Beer and biscuits
Published: 08 March 2017
It concerns me that so many governmental, quasi-governmental, and commercial organisations prove so often to be ignorant or negligent in their approach to security whist claiming to protect us from the dangers found on the internet, so often they don’t get even the basics right.
Not so long ago I found that Jeremy Hunt’s training enterprise was sending passwords in the clear. While endangering users data and potentially threatening their livelihoods, Hotcourses did at least respond to my criticisms, apologised and upgraded their systems.
Trainers do at least have the option of not using Hotcourses, even if the site does dominate that particular market place, this may not be the case organisations conducting DBS checks (formerly CRB checks). With DBS checks many people are obliged to engage and pay for the privilege if they wish to continue in employment.
One such organisation on this particular gravy train is Voluntary Norfolk, a registered charity that is an approved supplier to the National Council for Voluntary Organisation but which also provides back office services to commercial enterprises.
Voluntary Norfolk operate a web site called "charitybackroom.org.uk" which together with payroll and HR services carries out DBS checks. To do this the applicant has to submit personal data, compete a questionnaire and upply documentation proving both their identity and places of residence.This data is presumably collated with that gathered from the local police, the police national computer, the Department of Education, the Independent Safeguarding Authority and whatever other agencies are deemed to be relevant.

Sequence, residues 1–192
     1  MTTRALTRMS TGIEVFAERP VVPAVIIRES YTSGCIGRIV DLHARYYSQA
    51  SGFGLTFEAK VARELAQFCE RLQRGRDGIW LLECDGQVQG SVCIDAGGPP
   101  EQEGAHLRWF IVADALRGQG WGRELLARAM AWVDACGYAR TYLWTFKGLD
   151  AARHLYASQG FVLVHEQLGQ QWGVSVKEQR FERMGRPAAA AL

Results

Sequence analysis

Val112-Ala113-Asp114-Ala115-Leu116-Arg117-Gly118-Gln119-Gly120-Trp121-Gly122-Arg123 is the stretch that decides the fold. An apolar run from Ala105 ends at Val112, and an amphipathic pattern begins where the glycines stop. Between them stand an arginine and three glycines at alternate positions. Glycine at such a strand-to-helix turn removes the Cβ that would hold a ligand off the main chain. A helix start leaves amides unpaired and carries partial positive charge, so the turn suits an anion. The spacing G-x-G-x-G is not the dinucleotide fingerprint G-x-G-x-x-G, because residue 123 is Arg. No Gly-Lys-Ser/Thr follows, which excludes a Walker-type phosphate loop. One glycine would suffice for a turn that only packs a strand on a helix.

In order to protect this data, the applicant is issued with a user login name and a password. The password and login name are sent together, by email in plain readable text, "in the clear" as us computer buffs call it. This means that anyone with access to the computer systems either at Voluntary Norfolk or at the applicants home or office, or at the ISP where the mail is stored can read it. If anyone can be bothered to sniff on the wires that carry the message between the user and Voluntary Norfolk they also can see the login and password and have access to the account. The point at which it becomes laughable is when they provide "additional security" with a confirmatory question and response. Both the question and answer are also sent to the user, by email, in the clear.
Everyone can sleep easier in their beds knowing that the authorities are in control and taking care of us.